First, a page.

4 "digital prints" from negatives of life in the camp of the 36th Artillery Regiment stationed in Saint Airy Forest at Verdun in January 1918 show snowbound soldiers near one's shelter - as well as a peek into the shelter itself!
Marketed as the collection of a French Artillery Sergeant's personal photography before, during, and after the Great War, I was sold a disparate collection of mostly-junk by an eBayer who didn't know what he was talking about. Here's the story, and one of the few slides that likely had anything to do with the Great War.
A look at the Canon de 75 mm Modele 1897, in use for almost a century, and the central role it played in defending the Meuse Heights in 1916 at the Battle of Verdun.
A simple cross sits above a pile of German corpses - in a 1,000-year-old village that was completely leveled in a year, and finally came to be home to the largest military cemetery in France.
As I head out to what I often describe as "a snowbound hellhole" of a hometown to celebrate Thanksgiving with my family, I share an image of soldiers trudging through an *actual* snowbound hellhole on their way to battle.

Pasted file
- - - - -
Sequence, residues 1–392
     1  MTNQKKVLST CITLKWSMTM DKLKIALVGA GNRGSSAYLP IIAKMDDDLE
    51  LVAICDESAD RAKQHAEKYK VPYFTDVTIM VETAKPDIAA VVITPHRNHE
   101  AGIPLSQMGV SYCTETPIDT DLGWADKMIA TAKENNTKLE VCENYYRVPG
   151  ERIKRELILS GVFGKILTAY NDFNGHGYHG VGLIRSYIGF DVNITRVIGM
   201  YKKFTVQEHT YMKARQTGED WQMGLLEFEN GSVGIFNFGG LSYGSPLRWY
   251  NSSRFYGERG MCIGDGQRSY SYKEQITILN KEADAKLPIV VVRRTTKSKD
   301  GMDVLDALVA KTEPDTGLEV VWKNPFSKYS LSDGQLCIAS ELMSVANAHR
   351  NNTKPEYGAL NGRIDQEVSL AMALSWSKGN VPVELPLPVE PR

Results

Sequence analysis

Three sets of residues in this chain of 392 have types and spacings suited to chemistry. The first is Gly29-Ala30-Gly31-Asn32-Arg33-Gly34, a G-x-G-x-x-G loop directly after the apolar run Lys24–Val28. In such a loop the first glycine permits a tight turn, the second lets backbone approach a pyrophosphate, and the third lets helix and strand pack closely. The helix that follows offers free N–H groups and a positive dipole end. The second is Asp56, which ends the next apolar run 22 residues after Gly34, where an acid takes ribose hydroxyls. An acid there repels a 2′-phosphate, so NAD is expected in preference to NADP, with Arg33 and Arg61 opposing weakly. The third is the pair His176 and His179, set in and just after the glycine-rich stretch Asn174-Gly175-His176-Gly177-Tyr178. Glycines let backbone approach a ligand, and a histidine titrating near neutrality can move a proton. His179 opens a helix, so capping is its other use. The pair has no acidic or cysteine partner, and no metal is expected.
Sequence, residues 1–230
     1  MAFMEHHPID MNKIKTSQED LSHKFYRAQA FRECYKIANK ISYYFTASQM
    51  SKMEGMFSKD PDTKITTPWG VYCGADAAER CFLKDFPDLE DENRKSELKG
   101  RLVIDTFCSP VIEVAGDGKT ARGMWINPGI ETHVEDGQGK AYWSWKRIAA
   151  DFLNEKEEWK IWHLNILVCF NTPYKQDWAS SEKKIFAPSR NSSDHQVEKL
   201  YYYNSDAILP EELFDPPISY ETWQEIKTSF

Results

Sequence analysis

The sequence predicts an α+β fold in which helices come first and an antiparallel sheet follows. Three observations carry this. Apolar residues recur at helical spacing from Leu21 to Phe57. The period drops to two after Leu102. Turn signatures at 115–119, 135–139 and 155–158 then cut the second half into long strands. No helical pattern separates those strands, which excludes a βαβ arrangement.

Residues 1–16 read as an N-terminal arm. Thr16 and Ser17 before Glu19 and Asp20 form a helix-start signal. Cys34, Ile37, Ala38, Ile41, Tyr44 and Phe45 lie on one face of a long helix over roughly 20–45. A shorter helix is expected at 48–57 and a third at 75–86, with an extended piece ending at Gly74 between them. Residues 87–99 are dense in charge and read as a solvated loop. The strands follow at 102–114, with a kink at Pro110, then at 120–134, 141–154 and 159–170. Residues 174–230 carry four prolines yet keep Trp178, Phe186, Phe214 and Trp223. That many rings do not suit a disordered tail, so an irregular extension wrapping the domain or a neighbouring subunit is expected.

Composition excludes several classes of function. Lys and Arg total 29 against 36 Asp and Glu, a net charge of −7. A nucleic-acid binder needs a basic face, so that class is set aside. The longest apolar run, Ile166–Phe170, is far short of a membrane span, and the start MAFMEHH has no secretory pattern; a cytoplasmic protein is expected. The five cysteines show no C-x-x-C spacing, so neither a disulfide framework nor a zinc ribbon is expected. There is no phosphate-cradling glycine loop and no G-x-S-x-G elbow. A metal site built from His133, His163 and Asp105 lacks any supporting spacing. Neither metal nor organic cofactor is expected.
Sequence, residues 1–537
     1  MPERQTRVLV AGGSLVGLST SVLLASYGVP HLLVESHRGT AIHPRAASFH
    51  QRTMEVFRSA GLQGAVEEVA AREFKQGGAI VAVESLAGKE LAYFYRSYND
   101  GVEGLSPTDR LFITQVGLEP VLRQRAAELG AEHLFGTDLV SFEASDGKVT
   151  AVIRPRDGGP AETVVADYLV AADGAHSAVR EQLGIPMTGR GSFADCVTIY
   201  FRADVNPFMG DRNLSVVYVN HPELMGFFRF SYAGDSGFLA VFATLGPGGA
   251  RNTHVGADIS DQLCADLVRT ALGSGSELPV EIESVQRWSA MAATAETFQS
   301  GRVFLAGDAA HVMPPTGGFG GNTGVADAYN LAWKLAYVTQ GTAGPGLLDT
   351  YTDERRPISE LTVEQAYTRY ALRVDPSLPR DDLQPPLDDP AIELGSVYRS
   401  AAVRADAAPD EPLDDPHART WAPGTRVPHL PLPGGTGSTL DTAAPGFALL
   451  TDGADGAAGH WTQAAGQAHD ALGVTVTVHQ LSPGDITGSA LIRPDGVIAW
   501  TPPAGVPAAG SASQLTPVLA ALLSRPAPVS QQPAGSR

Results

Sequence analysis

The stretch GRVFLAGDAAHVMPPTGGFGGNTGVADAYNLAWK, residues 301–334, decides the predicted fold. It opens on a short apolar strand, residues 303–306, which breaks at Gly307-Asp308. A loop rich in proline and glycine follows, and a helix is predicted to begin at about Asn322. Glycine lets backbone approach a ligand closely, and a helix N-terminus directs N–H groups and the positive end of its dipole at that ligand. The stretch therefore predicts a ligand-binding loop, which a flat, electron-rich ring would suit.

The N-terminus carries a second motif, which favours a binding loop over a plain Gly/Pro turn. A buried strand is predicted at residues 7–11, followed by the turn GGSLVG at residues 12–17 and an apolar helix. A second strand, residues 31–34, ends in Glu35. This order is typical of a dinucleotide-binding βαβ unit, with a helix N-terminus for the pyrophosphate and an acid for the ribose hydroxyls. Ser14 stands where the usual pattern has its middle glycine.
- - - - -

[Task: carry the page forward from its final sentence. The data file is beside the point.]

A new box of slides from Brentano's - stamped "Verdun" on the front - gives me the opportunity to make some side-by-side comparisons of both duplicate and same-subject images from my collection.
An extremely brief post, mainly showcasing a very lovely stereographic image of the scars left upon the fields of Flanders after the cessation of hostilities in the Great War.
A developed negative of a simple path through a long-since-abandoned portion of No Man's Land causes me to question the meaning of such imagery.
Today, on the centenary of the Great War's effective end with the 11 a.m. Armistice, I present 100 stereographic (and 2D) photographs from a soldier's-eye point of view. Lest we forget.
An examination of how one can take a century-old Great War negative in rough shape and recover as much detail as possible to provide a salvageable archival digital positive.